|Ludwig van Beethoven opus 123|
Missa solemnisMass 1823. Time: 71'00.
Beethoven wrote the Missa Solomnis between 1818 and 1823.
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The Missa solemnis in D Major, Op. 123 was composed by Ludwig van Beethoven from 1819-1823. It was first performed on April 7, 1824 in St. Petersburg, under the auspices of Beethoven's patron Prince Nikolai Galitzin; an incomplete performance was given in Vienna on 7 May 1824, when the Kyrie, Credo, and Agnus Dei were conducted by the composer. It is generally considered to be one of the composer's supreme achievements. Together with Bach's Mass in B Minor, it is the most significant mass setting of the common practice period.
Unquestionably a great work, representing Beethoven at the height of his powers, it has notably failed to reach the popularity of many of the symphonies and sonatas. Written around the same time as his ninth symphony, it is Beethoven's second setting of the mass, after his Mass in C, Op. 86, a work far less admired.
The mass is scored for 2 flutes; 2 oboes, 2 clarinets (in A, C, and B♭); 2 bassoons; contrabassoon; 4 horns (in D, E♭, B♭ basso, E, and G); 2 trumpets (D, B♭, and C); alto, tenor, and bass trombone; timpani; organ continuo; strings (violins I and II, violas, cellos, and basses); soprano, alto, tenor, and bass soloists; and soprano, alto, tenor, and bass chorus.
Like most masses, Beethoven's Missa solemnis is in five movements:
The orchestration of the piece features a quartet of vocal soloists, a substantial chorus, and the full orchestra, and each at times is used in virtuosic, textural, and melodic capacities. The writing displays Beethoven's characteristic disregard for the performer, and is in several places both technically and physically exacting, with many sudden changes of dynamic, metre and tempo. This is consistent throughout, starting with the opening Kyrie where the syllables Ky-ri are delivered either forte or with sforzando, but the final e is piano. As noted above, the reprise of the Et vitam venturi fugue is particularly taxing, being both subtly different from the previous statements of the theme and counter-theme, and delivered at around twice the speed.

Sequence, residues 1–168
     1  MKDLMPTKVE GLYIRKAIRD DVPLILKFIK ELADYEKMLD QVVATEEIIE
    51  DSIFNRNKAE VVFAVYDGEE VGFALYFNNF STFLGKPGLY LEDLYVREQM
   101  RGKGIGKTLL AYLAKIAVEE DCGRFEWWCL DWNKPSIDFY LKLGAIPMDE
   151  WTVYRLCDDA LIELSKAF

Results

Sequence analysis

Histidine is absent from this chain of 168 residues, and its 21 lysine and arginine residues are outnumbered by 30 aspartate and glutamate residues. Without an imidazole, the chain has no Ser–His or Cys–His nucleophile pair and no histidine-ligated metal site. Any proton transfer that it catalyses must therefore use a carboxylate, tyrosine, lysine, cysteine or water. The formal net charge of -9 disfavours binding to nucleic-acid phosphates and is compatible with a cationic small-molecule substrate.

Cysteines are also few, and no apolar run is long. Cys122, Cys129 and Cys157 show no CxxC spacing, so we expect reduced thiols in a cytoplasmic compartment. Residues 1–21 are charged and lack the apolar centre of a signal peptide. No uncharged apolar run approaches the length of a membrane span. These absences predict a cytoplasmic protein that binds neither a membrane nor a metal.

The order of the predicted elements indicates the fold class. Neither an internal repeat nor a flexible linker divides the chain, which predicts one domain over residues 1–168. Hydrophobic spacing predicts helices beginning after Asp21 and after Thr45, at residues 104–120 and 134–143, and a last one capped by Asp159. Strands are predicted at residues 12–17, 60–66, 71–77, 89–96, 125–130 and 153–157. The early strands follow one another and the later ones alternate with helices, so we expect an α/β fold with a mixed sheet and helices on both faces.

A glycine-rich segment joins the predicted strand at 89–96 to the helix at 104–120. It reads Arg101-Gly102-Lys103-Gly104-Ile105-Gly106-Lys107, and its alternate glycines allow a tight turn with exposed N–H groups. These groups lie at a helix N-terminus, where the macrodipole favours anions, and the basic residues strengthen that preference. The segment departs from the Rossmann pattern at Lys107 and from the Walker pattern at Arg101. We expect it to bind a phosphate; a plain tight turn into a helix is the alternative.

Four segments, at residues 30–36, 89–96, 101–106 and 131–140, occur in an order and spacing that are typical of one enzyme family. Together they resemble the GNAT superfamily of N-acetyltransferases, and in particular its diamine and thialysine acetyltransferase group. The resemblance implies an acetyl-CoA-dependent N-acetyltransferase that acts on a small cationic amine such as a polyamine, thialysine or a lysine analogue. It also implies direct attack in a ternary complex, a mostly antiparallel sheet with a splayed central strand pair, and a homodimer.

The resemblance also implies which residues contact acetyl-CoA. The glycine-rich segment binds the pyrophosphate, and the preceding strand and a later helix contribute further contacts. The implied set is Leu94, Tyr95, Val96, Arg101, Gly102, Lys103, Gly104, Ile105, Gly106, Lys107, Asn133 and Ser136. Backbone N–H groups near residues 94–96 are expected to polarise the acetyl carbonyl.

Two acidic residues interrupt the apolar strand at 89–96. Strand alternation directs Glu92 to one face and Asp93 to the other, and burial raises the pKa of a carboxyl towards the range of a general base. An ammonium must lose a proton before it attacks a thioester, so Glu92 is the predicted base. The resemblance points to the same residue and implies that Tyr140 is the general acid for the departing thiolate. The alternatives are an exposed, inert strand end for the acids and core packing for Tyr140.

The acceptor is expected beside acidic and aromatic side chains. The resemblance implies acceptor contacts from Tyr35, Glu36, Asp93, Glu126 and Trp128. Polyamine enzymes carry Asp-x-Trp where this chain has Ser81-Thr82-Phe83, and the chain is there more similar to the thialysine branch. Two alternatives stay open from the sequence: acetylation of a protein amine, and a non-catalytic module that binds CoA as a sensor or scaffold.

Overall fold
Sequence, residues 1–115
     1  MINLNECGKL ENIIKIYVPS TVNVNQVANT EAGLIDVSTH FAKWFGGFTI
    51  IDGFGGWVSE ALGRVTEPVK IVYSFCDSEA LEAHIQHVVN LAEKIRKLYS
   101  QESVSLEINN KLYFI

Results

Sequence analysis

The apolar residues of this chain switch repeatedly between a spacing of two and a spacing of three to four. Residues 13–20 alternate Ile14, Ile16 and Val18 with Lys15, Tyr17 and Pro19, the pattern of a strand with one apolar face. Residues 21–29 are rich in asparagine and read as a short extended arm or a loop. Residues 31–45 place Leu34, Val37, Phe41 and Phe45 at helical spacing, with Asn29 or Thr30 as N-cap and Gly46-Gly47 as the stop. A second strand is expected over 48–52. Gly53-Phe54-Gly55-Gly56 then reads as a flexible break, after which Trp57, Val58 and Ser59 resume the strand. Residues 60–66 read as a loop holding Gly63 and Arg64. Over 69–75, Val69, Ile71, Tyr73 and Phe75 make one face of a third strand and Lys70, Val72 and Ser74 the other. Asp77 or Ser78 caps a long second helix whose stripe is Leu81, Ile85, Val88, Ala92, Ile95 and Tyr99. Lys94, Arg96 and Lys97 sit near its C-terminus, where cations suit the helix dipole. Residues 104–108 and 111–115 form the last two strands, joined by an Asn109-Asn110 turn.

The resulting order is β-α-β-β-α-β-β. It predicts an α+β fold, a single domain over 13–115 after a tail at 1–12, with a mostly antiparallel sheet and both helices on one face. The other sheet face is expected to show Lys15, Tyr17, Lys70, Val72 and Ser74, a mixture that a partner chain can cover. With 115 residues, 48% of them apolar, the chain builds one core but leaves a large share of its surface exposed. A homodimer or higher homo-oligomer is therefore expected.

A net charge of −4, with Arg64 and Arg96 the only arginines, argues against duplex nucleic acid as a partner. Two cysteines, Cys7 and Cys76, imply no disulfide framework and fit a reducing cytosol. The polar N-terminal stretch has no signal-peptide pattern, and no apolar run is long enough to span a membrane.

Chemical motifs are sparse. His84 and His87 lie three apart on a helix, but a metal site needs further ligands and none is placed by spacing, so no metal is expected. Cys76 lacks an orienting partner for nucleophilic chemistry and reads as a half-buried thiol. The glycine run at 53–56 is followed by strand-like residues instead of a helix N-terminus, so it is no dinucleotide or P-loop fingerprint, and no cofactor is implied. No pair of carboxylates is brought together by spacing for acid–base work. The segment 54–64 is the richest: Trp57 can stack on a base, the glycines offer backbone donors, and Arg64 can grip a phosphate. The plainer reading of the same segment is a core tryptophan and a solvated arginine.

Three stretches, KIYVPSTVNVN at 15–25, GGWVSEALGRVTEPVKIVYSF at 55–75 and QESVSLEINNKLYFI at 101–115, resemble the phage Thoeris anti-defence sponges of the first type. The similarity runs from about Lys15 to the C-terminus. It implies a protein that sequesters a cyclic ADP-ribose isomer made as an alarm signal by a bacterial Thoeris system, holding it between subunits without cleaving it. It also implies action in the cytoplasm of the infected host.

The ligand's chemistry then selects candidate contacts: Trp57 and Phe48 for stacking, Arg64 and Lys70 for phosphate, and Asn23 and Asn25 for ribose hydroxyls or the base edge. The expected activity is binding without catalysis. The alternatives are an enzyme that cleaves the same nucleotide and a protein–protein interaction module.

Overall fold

A typical performance of the complete work runs 80 to 85 minutes. The difficulty of the piece combined with the requirements for a full orchestra, large chorus, and highly trained soloists, both vocal and instrumental, mean that it is not often performed by amateur or semi-professional ensembles.
Some critics have been troubled by the problem that, as Theodor Adorno put it, "there is something peculiar about the Missa solemnis." In many ways, it is an atypical work, even for Beethoven. Missing is the sustained exploration of themes through development that is one of Beethoven's hallmarks. The massive fugues at the end of the Gloria and Credo align it with the work of his late period—but his simultaneous interest in the theme and variations form is more than absent. Instead, the Missa presents a continuous musical narrative, almost without repetition, particularly in the Gloria and Credo movements which last longer than any of the others. The style, Adorno has noted, is close to treatment of themes in imitation that one finds in the Flemish masters such as Josquin des Prez and Johannes Ockeghem, but it is unclear whether Beethoven was consciously imitating their techniques or whether this is simply a case of "convergent evolution" to meet the peculiar demands of the mass text. Donald Francis Tovey has connected Beethoven to the earlier tradition in a different way:
Perhaps the best way to recognize the importance of the mass in Beethoven's work is to acknowledge its singularity, and to view its remarkable variety and forceful individuality as the reflection of Beethoven's own relationship with the divine.
Some have remarked that his treatment of the text—including the addition of a high "a," in the Miserere section of the Gloria, and the quick disposal of several lines of text in the Credo underneath the weight of the two other choral parts and orchestra—shows a willful indifference to the more dogmatic precepts of the church, while others see the forceful expression of the central movements as having a sincerity that could only be born of true belief.
This article is licensed under the GNU Free Documentation License. It uses material from the Wikipedia article "Missa_Solemnis_(Beethoven)". Allthough most Wikipedia articles provide accurate information accuracy can not be guaranteed.
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